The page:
A Site for Photographers by Photographers

Community > Forums > Canon EOS > UV Filter "stuck" on Lens...

Featured Equipment Deals

Digital Photography Developing (Video Tutorial) Read More

Digital Photography Developing (Video Tutorial)

Learn what digital developing is, the difference between Lightroom and Photoshop, and why Lightroom will help your photography.

Latest Equipment Articles

4 Outdoor & Adventure Photo Packs Read More

4 Outdoor & Adventure Photo Packs

Photo packs have come a long way in the past decade, especially those that are targeted toward outdoor and adventure photographers. Alaska-based adventure photographer Dan Bailey takes a closer look...

Latest Learning Articles

5 Tips for Combating Red-Eye Read More

5 Tips for Combating Red-Eye

Red-eye doesn't have to ruin your photos. Learn 5 simple tricks to avoid and eliminate this undesirable photographic effect.


UV Filter "stuck" on Lens After Drop

David Jones , Oct 17, 2003; 02:37 p.m.

I need advice on the best/safest way to remove a damaged filter from a lens. I'll explain why:

My ESO 10D and attached 17-40 L took a nosedive from my shoulder bag when somebody accidentally backed into me. The kit fell lens first onto a hard floor from about 4 ft. Luckily as there were a lens cap, polarizer and UV filter on the front which appear to have taken the brunt of the force, the lens itself seems upon initial inspection to have survived intact. I've also checked the camera and all functionality is there, though only time will tell if the electronics have had some sort of damage.

The point is that after removing the lens hood and polarizer (by force), I'm having real difficulty unscrewing the UV which has bent slightly and seems to have locked the thread. Any advice on how to get this unscrewed without putting too much force on the front of the lens barrel?.

As the UV glass has cracked and there are tiny shards of class on the front element of the lens, I need to take extra care not to scratch the coating, just incase that I have been lucky enough to get away with it!!

Anyone been in a similar situation? Any advice will be greatly appreciated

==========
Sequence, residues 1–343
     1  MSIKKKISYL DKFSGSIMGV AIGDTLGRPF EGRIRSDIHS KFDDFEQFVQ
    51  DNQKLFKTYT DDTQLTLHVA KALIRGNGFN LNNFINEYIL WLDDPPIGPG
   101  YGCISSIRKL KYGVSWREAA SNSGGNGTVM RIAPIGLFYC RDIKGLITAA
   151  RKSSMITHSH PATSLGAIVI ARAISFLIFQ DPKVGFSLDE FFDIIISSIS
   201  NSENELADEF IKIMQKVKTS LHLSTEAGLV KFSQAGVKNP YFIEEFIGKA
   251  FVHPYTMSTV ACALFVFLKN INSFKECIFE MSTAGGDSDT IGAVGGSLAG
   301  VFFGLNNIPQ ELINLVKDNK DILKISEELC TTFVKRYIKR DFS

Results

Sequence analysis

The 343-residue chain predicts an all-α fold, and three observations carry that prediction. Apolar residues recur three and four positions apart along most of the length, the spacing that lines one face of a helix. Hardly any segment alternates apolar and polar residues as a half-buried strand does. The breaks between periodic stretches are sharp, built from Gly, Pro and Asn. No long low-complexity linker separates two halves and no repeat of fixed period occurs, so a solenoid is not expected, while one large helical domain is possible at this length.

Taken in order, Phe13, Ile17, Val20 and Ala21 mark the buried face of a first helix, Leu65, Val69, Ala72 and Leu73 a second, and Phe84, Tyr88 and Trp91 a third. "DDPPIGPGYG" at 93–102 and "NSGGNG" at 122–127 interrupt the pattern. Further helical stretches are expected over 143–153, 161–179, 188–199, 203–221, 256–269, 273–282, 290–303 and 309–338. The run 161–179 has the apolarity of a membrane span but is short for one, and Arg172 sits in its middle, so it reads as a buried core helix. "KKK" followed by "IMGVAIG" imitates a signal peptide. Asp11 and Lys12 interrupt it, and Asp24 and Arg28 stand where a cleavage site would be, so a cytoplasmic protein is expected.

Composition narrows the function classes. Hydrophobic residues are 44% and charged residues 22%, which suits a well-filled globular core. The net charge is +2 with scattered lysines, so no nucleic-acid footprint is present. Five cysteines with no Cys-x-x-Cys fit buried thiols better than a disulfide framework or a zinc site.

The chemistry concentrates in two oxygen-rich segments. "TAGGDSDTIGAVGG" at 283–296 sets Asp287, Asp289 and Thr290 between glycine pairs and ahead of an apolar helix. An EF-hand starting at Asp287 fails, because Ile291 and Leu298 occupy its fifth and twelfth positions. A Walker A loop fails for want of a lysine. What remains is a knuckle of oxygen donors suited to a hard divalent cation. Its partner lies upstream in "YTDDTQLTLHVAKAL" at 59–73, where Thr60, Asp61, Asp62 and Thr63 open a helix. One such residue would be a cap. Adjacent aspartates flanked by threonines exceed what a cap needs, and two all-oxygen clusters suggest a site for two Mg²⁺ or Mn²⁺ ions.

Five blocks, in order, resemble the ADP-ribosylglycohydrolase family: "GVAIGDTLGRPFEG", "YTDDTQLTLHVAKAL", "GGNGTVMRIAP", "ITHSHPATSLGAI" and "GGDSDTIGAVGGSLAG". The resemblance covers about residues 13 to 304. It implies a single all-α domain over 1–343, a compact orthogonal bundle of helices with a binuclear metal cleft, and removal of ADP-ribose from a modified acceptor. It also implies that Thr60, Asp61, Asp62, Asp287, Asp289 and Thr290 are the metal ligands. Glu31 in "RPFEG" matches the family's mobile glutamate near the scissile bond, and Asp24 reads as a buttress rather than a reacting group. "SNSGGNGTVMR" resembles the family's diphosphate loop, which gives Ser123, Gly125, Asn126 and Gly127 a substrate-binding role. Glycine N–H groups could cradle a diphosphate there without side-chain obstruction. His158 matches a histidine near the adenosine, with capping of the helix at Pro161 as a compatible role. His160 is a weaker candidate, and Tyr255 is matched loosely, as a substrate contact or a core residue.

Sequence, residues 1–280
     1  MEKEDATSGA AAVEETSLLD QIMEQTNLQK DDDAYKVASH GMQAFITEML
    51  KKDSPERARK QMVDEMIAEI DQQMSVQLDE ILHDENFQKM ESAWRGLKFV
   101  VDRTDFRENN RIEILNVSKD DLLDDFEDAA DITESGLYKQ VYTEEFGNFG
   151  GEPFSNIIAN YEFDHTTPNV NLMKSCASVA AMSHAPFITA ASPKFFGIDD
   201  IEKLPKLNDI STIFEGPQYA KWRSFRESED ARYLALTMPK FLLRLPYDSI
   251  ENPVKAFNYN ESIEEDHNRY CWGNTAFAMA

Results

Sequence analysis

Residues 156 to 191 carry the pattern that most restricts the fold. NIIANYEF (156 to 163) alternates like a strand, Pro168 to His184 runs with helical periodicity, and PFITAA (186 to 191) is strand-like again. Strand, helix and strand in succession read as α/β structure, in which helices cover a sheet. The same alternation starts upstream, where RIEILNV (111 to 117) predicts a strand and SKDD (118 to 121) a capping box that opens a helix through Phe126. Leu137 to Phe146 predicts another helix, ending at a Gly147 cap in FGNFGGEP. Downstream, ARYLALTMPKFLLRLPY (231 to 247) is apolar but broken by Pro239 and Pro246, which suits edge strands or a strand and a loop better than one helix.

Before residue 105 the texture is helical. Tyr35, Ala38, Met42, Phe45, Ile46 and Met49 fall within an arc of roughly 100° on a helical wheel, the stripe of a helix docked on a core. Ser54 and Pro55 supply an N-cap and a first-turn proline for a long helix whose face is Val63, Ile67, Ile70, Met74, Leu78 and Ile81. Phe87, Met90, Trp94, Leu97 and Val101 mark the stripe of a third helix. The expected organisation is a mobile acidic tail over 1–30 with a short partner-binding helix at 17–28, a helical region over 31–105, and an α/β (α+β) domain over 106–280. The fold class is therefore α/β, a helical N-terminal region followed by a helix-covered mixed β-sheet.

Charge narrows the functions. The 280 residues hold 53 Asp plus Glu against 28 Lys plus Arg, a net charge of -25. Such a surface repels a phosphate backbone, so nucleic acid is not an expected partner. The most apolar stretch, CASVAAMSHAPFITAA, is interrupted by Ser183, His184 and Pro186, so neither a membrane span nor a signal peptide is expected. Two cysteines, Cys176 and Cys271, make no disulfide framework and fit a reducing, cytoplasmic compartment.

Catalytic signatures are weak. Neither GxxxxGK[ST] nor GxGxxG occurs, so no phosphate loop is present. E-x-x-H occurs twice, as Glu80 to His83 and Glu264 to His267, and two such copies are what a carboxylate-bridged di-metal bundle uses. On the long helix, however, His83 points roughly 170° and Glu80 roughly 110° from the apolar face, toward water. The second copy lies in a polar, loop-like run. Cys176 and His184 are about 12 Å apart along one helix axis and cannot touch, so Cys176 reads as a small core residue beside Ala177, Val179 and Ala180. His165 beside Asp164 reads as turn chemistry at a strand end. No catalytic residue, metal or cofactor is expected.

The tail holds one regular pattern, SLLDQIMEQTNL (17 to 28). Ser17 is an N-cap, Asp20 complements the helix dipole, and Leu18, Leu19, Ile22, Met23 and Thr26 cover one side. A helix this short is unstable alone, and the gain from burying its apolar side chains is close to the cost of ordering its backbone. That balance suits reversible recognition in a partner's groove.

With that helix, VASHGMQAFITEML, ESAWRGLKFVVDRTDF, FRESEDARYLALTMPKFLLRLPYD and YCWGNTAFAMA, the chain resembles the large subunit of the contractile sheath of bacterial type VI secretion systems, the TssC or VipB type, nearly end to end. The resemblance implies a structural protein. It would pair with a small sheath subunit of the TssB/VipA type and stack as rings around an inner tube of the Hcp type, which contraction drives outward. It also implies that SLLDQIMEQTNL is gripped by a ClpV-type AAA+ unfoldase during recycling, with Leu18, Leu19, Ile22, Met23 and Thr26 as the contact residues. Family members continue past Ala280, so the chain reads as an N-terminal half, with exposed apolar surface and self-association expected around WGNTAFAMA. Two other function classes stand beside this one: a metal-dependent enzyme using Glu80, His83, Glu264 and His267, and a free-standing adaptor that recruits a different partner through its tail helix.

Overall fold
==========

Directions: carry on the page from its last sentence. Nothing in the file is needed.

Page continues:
The only advice I can give in return is.... ALWAYS zip up your camera bag when you're carrying it around!!!! :-)

You have to laugh don't you!

I must compliment Canon on the build quality. Now I'm gald I did'nt go for the 300D !!!!

Responses


    1   |   2     Next    Last

Jim Swenson , Oct 17, 2003; 03:28 p.m.

This has happened twice with my girlfiends Rebel. Both times the UV ring was bent and the glass badly broken, like in spidered so bad that there were splinters of glass that had fallen out. Both times I managed to remove all the broken glass from filter leaving just the metal ring. The first time I bent it back grabbed it, at point of impack, with needle nose pliers and it turned and I unscrewed it. The second time that didn't work as it was bent very badly. I had to grab the UV ring and twist it until there was a kink that decreased the circumference enought that it popped out. Very tricky. Both times I was able to do it with any damage to lens.

You have to do this holding the lens upside down to keep glass off the front element of lens. The first one took me umost two hours. The second one over three. Very tedious and nerve wracking, but can be done. The first accident was over two years ago. The second six months ago. I'm glad to say that she has not had a problem with either lens or the camera. Yes, the barrel remained in tact and she can easily screw on and off filters.

Brett Bainbridge , Oct 17, 2003; 04:07 p.m.

I would imagine most any local camera repair shop should have filter wrenches available which should be the safest way to get the thing off, given that you've been unable to do so yourself. Just minimize how much you move the lens around given the possibility of your glass shards scratching the lens coating.